My earlier posts in the series are;
Being high on this list is of course a bad thing. But dying isn't always the fault of the one who dies however, and by checking this mode you can look in detail who to blame. The reason we want someone to blame is so that we know exactly what went wrong and work to fix that area, not to make people feel bad. If person X died because he stood in fire, because he wasn't healed, because some skill wasn't interrupted, we want to know this and why this happened to reduce the risk of it happening again. Everyone does mistakes, but if we don't locate them we won't learn from them.
|Red is bad and green is good. We can also see this player died from standing in bad stuff.|
In the case of a wipe, every player will show up in the Death list. You only want to check the players that died from things you don't know. The Death mode will in detail show the last seconds of that players life. We use this in raids alot, because it tells us a bunch of things. Like mentioned above - Did the target die from avoidable damage? Did the target die due to lack of healing? Did all healers heal their assigned targets (this is especially useful if you're looking at why a tank died)? And if the answer is yes on the last question, might you need more healers on that target or do you need to change something else? If the answer is no then maybe you must find out what were keeping the healers from doing their assigned jobs. You can also see if the target took damage that just isn't healable. In those cases you most likely weren't doing some part of the boss tactics right, or you need to pop cooldowns when that happens. Overall the Death mode will help you learn alot about how to handle a fight. Charging head in without taking a moment to evaluate what went wrong the first time around is only going to cause unecessary wipes.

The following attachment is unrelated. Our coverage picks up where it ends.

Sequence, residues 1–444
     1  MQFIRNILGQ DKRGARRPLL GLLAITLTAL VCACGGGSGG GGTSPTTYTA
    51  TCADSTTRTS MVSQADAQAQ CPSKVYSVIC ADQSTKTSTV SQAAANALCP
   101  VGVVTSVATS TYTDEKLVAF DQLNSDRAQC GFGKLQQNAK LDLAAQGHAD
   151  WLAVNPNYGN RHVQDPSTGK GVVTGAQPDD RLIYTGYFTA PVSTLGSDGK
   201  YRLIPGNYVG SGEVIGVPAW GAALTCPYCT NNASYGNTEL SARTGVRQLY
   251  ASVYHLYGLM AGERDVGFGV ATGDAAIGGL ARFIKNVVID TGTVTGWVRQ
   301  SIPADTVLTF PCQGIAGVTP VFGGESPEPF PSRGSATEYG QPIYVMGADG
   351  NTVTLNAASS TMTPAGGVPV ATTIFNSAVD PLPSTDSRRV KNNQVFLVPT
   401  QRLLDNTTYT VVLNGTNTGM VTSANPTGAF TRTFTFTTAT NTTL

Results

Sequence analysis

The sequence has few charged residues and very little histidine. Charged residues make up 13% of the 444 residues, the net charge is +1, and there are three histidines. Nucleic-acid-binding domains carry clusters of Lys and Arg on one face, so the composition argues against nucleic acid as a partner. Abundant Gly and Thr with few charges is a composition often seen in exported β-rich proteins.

Friendly Fire basically means "any damage dealt by someone on your side to someone on your side" or "damage done that wasn't done to the bad guy". In many cases is it a bad thing to be high on Friendly Fire, because friendly fire is always damage dealt to your raid which you want to avoid, however it is important to note that alot of classes have spell mechanics that have them deal damage to themselves (most often) or in some rare cases some other friendly player. One example is the warlock talent Soul Link that will have the warlock transfer damage taken to his pet, which of course will register as the warlock dealing damage to the pet. The dk skill Unholy Frenzy also deals damage to the player, and it will therefore register as if the player is hurting himself. There are reasons to look at these things with a critizising eye as well however, because dealing damage to yourself when there is already alot of raid damage going around isn't always a good thing. If a warlock is low on hp and does Life Tap he might die (he can't actually die from the Life Tap, but he can bring himself low enough on hp to die from some boss mechanic). Same goes with all self damage dealing skills, and you have to make sure people don't use them recklessly. Both Friendly Fire and the Death mode are good for seeing these kinds of things.